This piece is reposted with permission from Nan’s blog.
Most of us weren’t surprised when Pew Research reported, “Only 22% percent of the public trust the government in Washington almost always or most of the time.” We were unfazed when Gallup found, “Americans’ confidence in banks is at a historic low.” And we didn’t blink when a Maritz poll told us, “Only 10% of employees trust management to make the right decisions in times of uncertainty.”
But teachers? Cheating?! When teachers in Atlanta falsified standardized test scores by erasing wrong answers and supplying correct ones, we were shocked. With upwards of 175 educators, including principals, involved in the falsifying of results, the question echoes again, “who can you trust?”
These troubling trends and heart-grabbing headlines affect our collective psyche, diminish our sense of well-being, and reinforce the impression that everyone from teachers to politicians are not worthy of our trust.
But, you and I aren’t going to rebuild broken trust in Washington, increase perceptions of the banking industry, or impact confidence in Atlanta teachers. Still, that shouldn’t stop us from replenishing the trust deficits in own businesses, work groups, and relationships. Start there. Don’t let what you can’t change affect what you can. Here are some tips to get you started:
- Start with self-trust. It’s hard to trust others if you don’t trust yourself. Lack of self-trust is a precursor to distrusting others. Can you count on yourself to deliver what you say you will? Can you trust your motives, intentions, impulses and judgment? The most important relationship you have is with yourself.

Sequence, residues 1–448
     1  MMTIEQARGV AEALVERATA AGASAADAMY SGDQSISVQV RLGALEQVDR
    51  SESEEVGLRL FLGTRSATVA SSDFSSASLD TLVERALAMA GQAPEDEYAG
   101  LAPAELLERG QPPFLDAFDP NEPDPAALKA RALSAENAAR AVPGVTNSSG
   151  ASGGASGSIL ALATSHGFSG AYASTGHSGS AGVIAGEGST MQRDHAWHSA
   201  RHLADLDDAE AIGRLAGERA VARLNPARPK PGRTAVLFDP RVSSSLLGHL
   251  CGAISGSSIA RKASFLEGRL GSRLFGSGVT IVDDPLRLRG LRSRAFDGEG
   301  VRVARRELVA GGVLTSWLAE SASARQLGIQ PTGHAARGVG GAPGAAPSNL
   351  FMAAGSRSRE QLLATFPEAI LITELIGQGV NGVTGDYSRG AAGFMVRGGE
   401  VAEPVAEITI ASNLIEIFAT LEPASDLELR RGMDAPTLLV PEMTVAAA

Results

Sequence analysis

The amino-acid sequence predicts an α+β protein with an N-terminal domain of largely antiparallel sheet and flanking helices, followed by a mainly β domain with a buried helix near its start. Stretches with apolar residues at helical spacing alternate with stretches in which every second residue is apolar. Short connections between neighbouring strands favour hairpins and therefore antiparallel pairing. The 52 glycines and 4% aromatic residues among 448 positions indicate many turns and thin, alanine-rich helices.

- Keep perspective. No question you can find examples of untrustworthy people, broken promises, and trust-busting actions, but perspective helps. In a school system with nearly 48,000 students and a student-teacher ratio of 1:23, there are at least 2,100 teachers in Atlanta, and most are trustworthy. Don’t extrapolate what you read or hear to your workplace or community.
- Check the mirror. When we denounce looters, but help ourselves to employer office supplies, we share in the accountability of dishonesty. When we buy a child’s ticket at a theme park when our child is past the age restriction, we model to our children it’s okay to “lie a little,” and we share in the accountability when they grow up and they do. But when our word or our handshake is as good as a contract with those we give it to, we share in the benefits of replenished trust.
- Build a pocket of excellence. People work for people, not for companies. Forget the headlines. No one needs permission to create his or her own pocket of excellence founded on trusting relationships. Build trust in this skeptical era and improve your trust building odds through communication effectiveness.
You may not be able to change your boss’s behavior or the bosses above her, but you can influence the environment of those you work with and those who work for you.
As management guru, Peter Drucker so aptly reminded, “The best way to predict the future is to create it.” Want better headlines? Want to replenish the trust deficit? Start with what you can do.